Freestyle swimming: This is important
Freestyle swimming is the swimming style that requires the most strength and stamina, and it can be just as effective at improving it with regular training. The technique is also crucial for freestyle swimming in order to avoid incorrect loading and not to bother fellow swimmers. When swimming freestyle, the arms and legs are moved alternately towards each other. Your legs are banging straight up and down with your ankles relaxed as you pull yourself through the water in front of your head with your arms after the dive. You should put your hands and forearms against the direction of swimming for as long as possible. You breathe in through your mouth by turning your head slightly to the side. Breathe out through your mouth underwater. Link your breathing to movement in the water. It is particularly important so that you can last longer distances.
Backstroke: That’s what matters
When doing a backstroke, you lie in a stretched-out position in the water. In this swimming style, too, the arms and legs are moved alternately towards each other. You kick up and down from the hips with your legs almost fully stretched and your ankles relaxed, generate forward movement with the upward stroke and stabilize your position in the water. Your arms dive in well above your head, then pull strongly but controlled toward your thighs. Hold your hands and forearms against the direction of swimming for a long time, as you would when swimming freestyle.
The right equipment for swimming
Except for close-fitting swimming trunks or a bathing suit, you hardly need any equipment for the first lanes. After that, however, it is recommended that you buy swimming goggles. Ideally, you can try them on in the store. A swim cap is great for controlling your hair and gliding through the water faster. If you are one of those people who find water in your ears uncomfortable, you can use special earplugs. To monitor your training progress, we recommend a digital swimming trainer on your wrist. It automatically counts the lengths covered, the number of strokes you swim, and the efficiency of your training. The digital swimming partner helps you to keep motivated. To train mobility in the ankles, you can train with fins from time to time. Advanced swimmers swear by the so-called pullboy and paddles as a training device to improve their swimming technique. The Pullboy is clamped between the thighs so that the hips get more buoyancy and the position in the water stabilizes. With the paddles, you can enlarge the palm and thus the drive area. Because this requires more effort, you can also train your arm muscles intensively with the paddles.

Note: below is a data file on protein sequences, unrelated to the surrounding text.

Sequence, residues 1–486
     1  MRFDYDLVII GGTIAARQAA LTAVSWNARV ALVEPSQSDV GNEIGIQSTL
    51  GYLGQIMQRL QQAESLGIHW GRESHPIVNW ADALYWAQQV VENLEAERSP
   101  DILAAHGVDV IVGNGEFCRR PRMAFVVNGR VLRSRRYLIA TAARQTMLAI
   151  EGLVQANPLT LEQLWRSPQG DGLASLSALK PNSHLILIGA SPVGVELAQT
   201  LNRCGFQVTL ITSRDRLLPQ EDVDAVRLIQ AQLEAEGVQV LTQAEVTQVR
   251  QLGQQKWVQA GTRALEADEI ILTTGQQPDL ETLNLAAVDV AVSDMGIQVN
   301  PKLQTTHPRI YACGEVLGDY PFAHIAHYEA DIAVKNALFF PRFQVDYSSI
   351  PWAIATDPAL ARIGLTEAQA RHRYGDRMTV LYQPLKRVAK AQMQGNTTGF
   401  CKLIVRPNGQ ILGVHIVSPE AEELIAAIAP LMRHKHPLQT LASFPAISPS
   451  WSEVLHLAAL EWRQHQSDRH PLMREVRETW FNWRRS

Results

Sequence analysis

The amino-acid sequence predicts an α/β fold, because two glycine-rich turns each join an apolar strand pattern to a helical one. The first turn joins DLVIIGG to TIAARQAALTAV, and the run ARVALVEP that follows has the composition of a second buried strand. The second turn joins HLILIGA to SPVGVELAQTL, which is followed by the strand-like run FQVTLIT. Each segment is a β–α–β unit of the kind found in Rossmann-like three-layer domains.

Swimming and lifeguard training with assistance
In order to keep the fun of the effective sport, pain is of course not conducive. If you want to make sure you’re mastering the technique correctly, you can contact a certified swimming and lifeguard training coach who will give you feedback. In group or individual lessons, the technique of the different swimming styles is worked on in detail. And once you’ve mastered them, nothing stands in the way of your all-around fitness. Learn more